Where to eat: There are many places that serve this national dish. Examples of the more popular ones are Seafood Paradise (there’s one at Changi Airport and also at Singapore Flyer) or to Jumbo Restaurant (a couple of chains

2) Hainanese Chicken Rice

What’s the dish: This is a steamed chicken dish served with rice cooked in chicken stock. Apart from steam chicken, you can also order the roast chicken. I will recommend that you order both to try (you can request for them to give you both types in 1 dish and there’s no need to order them as 2 separate dishes which will be more expensive). It is called Hainanese Chicken Rice because it first originated from Hainan in China but the Singapore variation has made so much refinement to the dish that it can now be termed as a “uniquely Singapore” dish.

Where to eat: You can this dish almost everywhere. From the local food courts located in any shopping malls, or the hawker centres (including the famous Newton Circle Hawker Centre – which is only opened in the evening). For a more “upmarket” setting, try Mandarin Oriental Hotel “Chatterbox” cafe.

3) Laksa

What’s the dish: Laksa is a Perankan dish which originates from a fushion of Chinese and Malay cuisine. It consists of thick rice noodles (called “bee hoon” in the local Singapore language) cooked in coconut curry gravy. There may be eggs, prawns, “tau pok” (which are beancurd puffs), fish cake, chicken and/or cockles added. If you don’t like cockles, you can request for the cook to exclude it (whcih I usually do).

Where to eat: Like the chicken rice, you can get this dish quite easily. A famous chain will be Katong Laksa (the original store is at 51 East Coast Road, there are 2 branches at 216 East Coast Road, and also at 101 Thomson Road United Square).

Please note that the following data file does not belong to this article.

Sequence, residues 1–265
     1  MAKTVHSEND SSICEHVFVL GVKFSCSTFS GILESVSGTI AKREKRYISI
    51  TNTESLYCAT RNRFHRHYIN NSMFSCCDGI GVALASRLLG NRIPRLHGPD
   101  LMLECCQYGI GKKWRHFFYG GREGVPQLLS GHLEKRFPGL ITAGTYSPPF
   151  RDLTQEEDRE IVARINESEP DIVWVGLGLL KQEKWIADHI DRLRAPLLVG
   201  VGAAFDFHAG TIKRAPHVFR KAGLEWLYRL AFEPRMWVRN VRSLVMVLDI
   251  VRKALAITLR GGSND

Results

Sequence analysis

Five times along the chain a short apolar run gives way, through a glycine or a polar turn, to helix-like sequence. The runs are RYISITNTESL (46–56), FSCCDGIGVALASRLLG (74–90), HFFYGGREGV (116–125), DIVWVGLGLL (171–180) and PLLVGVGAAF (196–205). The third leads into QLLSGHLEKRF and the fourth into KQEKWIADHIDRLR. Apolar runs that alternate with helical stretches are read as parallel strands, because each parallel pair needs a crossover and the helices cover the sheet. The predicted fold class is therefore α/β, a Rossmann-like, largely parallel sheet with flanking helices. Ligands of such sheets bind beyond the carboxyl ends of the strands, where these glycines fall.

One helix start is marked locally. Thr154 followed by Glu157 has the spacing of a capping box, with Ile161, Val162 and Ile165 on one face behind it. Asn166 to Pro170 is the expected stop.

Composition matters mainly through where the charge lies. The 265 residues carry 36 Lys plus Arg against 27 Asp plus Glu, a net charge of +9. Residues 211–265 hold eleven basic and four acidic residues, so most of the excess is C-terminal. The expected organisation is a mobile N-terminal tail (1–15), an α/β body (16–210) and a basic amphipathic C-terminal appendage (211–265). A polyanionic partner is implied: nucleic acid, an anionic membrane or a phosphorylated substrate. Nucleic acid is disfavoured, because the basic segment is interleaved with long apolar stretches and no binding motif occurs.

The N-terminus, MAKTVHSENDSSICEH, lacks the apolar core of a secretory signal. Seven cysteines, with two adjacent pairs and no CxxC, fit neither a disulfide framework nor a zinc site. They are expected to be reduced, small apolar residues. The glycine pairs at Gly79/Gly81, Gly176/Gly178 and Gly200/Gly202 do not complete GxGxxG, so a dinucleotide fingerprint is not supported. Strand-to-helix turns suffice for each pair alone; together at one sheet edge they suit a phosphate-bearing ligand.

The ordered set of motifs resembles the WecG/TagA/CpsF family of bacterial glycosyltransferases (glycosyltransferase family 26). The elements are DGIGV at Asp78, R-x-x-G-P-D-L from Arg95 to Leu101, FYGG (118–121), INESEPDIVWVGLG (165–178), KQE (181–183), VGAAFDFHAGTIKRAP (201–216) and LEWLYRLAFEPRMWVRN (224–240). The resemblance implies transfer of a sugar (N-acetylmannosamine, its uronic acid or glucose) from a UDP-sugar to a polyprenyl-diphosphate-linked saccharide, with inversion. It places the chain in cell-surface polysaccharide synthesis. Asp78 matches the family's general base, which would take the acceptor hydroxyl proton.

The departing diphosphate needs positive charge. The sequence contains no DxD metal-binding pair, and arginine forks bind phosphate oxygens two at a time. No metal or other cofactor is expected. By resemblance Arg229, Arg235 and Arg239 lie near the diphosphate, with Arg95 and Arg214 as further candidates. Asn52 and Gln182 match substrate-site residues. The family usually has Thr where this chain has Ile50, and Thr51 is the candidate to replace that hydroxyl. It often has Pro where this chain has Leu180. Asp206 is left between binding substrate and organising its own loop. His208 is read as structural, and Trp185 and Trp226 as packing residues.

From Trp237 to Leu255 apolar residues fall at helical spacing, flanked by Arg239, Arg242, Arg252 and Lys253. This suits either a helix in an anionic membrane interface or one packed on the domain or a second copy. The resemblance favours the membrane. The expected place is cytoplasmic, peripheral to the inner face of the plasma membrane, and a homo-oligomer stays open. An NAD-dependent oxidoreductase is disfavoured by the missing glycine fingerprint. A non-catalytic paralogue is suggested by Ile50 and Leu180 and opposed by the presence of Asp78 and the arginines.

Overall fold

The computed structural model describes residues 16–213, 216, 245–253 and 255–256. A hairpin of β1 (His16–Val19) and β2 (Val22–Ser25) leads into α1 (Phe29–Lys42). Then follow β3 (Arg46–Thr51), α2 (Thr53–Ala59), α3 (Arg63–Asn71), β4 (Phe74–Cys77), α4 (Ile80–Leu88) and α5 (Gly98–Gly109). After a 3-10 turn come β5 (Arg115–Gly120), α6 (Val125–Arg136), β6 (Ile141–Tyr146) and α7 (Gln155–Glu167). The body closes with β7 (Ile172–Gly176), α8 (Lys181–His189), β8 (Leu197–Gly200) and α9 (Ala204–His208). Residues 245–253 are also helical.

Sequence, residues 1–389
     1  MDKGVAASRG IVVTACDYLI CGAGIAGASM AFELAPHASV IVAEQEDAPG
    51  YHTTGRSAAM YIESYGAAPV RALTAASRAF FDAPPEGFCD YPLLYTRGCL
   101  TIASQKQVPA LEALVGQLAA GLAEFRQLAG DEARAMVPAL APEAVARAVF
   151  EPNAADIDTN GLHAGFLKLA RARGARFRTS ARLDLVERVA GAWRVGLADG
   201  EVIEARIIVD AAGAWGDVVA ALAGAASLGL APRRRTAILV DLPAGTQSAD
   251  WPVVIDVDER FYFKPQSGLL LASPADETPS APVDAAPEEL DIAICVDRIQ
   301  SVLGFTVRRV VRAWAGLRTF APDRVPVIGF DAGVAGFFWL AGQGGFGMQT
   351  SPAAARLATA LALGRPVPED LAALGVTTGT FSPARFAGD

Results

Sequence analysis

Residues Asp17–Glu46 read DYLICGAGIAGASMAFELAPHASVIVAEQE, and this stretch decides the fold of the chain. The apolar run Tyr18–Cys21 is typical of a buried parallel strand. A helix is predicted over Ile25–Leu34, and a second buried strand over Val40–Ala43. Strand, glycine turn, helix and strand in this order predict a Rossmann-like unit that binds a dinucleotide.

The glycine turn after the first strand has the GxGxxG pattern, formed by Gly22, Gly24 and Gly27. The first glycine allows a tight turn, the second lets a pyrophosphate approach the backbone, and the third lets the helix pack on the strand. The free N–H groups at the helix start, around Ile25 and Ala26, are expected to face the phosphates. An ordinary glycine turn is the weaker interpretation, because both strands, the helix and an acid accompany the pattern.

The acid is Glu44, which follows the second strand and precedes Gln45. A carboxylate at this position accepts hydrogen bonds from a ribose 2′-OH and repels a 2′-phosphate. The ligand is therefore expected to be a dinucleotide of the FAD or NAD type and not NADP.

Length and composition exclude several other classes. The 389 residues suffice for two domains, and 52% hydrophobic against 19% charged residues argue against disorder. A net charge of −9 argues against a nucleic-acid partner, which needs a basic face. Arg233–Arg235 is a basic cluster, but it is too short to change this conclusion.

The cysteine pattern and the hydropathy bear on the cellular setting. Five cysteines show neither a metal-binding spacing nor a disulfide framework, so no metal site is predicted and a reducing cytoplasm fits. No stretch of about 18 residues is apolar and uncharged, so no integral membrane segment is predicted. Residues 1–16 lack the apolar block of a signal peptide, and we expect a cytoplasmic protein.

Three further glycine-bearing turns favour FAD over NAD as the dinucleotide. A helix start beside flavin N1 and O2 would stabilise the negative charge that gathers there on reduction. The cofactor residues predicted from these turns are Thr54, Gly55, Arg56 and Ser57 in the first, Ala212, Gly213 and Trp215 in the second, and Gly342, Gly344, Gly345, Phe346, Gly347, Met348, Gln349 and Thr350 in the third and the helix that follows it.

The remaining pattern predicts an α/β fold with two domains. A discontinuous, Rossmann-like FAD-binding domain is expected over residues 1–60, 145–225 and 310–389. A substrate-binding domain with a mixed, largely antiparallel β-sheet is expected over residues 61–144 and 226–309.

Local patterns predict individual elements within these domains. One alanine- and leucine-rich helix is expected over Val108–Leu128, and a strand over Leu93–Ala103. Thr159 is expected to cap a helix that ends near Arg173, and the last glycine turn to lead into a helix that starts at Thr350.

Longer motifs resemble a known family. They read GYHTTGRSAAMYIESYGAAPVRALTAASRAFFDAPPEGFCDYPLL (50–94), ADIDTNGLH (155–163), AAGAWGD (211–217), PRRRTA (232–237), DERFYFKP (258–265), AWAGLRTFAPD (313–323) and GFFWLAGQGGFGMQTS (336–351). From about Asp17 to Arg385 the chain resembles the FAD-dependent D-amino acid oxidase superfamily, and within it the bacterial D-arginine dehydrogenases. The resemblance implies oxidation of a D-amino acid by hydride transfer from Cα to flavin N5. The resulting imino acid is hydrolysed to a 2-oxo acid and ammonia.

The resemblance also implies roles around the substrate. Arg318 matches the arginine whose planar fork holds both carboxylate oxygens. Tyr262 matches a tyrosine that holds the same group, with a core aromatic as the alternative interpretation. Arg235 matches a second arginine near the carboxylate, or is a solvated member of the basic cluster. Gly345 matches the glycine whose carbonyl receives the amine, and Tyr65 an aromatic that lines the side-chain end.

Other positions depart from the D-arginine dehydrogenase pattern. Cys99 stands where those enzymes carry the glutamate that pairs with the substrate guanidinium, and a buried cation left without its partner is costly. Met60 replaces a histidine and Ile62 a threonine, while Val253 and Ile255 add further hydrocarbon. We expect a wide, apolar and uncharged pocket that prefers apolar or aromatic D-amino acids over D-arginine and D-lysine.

4) Rojak

What’s the dish: The term “rojak” means a mix in Berhasa (a language used by Malays in Singapore and Malaysia). It is essentially a mix of different fruits, vegetabes, tau pok (beancurd puffs), you tiao (Chinese fritters), bean sprouts, prawn paste, etc.

Where to eat: Similar to Chicken rice, you can get this dish quite easily. Try Newton Circle Hawker Centre.

5) Nasi Lemak

What’s the dish: This dish is a Malay dish which consists of rice cooked in cocunut milk, served with fried fish, egg, fried chicken wings, etc.

Where to eat: Similar to Chicken rice, you can get this dish quite easily. Try Newton Circle Hawker Centre or Adam Road Hawker Centre (which is famous for the Nasi Lemak stores).

6) Curry fish head

What’s this dish: This is a Singapore Indian dish. I have to add “Singapore” in the name as no where in India you will be able to get this dish. Curry originated from India but cooking fish head in curry is quite uniquely Singapore. It can be a little spicy though (but most of my foreign friends who tried love it despite the spice).

Where to eat: The famous one is at Muthu Curry

6) Roti Prata

What’s this dish: This is also a Singapore Indian dish. You only get prata in India and not “roti prata” 🙂 It is an Indian pancake served with curry.

Where to eat: You can also get this dish quite easier in many food courts or hawker centres. The more famous stores are located at Jalan Kayu or at Causaurina (which personally I like Casuarina Curry

7) Satay